Comedi built Silence Is a Falling Body upon something Jaime’s friend said, rather than a memory of Jaime himself. On her 15th birthday, Jaime’s friend told her that when she was born, something in Jaime passed away. Comedi lets us hold on to that sentence before coming back to it in the second half of the film. She prefaces her interpretation of its meaning with a recording of a performance of The Little Mermaid’s “Part of Your World.” The Little Mermaid is about a person who wants to belong and who sacrifices something essential to herself in exchange for something she thinks would bring the happiness she dreams of. It’s a story that mirrors Jaime’s: he had to hide and bury his queerness in order to fulfill his dream of having a child. Comedi gives us a clue about this revelation at the very beginning of the film, when Jaime’s camera shoots male statues in a museum before fixating on Comedi’s younger self: an encapsulation of what Jaime left behind before dedicating his life to his daughter.

The uncovering of a person’s secret life after their death in Silence Is a Falling Body calls to mind Sarah Polley’s Stories We Tell (2012). In her documentary, Polley tried to piece together her late mother’s life from interviews with everyone who knew her. Through the making of the documentary, Polley found out that she was actually a product of an extramarital affair her mother had. Each of these family-centered documentaries deals with the stories around a person’s life rather than providing a chronological account of that life itself. In Stories We Tell, Polley’s mother gave up being an actress to have a family; in Silence Is a Falling Body, Comedi’s father gave up a part of his identity to have a family. These are stories of people who are trapped by traditional gender expectations and of how some parts of them are taken away in the process. These are stories of the way members of a family change once some secrets get uncovered and they have to restabilize their perception of people who can no longer explain themselves, and how they rebuild the images of themselves based on those changes.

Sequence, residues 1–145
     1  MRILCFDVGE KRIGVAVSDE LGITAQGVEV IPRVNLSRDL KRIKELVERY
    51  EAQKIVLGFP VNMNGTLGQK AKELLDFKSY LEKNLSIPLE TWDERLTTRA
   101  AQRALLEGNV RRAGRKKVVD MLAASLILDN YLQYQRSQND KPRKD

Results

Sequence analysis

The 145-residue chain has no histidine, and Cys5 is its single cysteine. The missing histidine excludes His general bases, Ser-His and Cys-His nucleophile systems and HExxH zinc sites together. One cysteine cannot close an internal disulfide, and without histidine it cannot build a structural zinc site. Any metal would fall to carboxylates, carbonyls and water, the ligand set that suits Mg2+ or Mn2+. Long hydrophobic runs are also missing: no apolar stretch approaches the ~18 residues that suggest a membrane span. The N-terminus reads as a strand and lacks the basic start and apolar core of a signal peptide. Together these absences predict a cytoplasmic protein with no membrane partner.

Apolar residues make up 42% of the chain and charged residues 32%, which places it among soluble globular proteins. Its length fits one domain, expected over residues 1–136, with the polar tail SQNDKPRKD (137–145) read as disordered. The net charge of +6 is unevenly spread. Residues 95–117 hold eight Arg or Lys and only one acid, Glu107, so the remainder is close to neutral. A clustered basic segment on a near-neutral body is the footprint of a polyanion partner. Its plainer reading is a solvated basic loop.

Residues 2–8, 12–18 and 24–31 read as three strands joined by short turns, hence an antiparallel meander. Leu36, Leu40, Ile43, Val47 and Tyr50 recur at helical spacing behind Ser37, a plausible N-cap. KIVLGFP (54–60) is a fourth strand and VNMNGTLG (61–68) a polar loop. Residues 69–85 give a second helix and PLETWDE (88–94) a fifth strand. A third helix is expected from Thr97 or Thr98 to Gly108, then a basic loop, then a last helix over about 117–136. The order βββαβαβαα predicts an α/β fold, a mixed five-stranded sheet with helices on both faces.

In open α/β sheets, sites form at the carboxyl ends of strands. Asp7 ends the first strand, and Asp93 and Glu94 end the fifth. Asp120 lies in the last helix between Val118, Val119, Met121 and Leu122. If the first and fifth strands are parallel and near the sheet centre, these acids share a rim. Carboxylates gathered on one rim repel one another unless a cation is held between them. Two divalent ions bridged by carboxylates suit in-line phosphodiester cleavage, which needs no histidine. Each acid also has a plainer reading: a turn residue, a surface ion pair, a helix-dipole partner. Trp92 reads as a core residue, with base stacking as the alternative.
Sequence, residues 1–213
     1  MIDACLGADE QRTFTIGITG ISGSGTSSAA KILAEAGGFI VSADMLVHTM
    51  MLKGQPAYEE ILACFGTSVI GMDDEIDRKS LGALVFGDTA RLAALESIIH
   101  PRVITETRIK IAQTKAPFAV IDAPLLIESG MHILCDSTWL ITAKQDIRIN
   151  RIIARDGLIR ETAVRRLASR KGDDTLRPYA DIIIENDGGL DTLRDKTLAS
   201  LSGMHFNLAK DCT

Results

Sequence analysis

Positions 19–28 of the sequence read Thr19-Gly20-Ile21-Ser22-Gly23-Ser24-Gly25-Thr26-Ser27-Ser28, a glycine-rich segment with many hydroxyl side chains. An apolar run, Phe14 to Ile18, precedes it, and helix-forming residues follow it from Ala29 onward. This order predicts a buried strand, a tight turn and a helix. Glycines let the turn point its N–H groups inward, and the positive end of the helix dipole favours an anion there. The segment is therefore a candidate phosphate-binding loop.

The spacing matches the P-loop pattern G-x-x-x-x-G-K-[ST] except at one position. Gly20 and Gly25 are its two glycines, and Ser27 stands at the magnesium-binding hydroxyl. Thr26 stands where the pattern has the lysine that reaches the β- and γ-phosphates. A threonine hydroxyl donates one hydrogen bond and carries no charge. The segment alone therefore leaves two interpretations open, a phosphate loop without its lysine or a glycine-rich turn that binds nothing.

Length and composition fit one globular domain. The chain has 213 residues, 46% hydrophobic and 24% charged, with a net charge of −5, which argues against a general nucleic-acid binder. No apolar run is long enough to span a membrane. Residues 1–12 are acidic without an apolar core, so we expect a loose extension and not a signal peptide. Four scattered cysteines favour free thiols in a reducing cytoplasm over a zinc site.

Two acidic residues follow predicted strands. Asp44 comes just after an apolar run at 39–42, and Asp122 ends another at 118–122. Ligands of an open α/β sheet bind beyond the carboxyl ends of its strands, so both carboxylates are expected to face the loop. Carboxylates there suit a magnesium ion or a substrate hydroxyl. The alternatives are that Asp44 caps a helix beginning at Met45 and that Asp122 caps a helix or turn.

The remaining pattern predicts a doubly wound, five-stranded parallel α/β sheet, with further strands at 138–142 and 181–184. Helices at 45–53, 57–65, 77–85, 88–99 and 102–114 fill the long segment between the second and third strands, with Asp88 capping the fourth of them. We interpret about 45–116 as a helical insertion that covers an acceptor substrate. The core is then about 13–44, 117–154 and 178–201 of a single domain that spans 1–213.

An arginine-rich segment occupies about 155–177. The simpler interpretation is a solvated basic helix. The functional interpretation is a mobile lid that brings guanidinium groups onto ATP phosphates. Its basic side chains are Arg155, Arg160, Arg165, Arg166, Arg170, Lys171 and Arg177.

Stories live on because they keep being passed on from one generation to another. Closing Silence Is a Falling Body, Comedi passes her camera to her son, who then asks her to record him instead. She asks what is the most marvelous thing in the world for him, and he replies, “Seeing things for the first time.” Comedi pauses, letting us sit with the fact that seeing her father’s past clearly for the first time is an emotionally complicated thing — for us, and even more so for her. The tension produced by this insight is left unresolved, a loose end that fits the story it tells. Comedi knows she may never fully figure out her father, for the truth of a person’s life is reserved to that person only.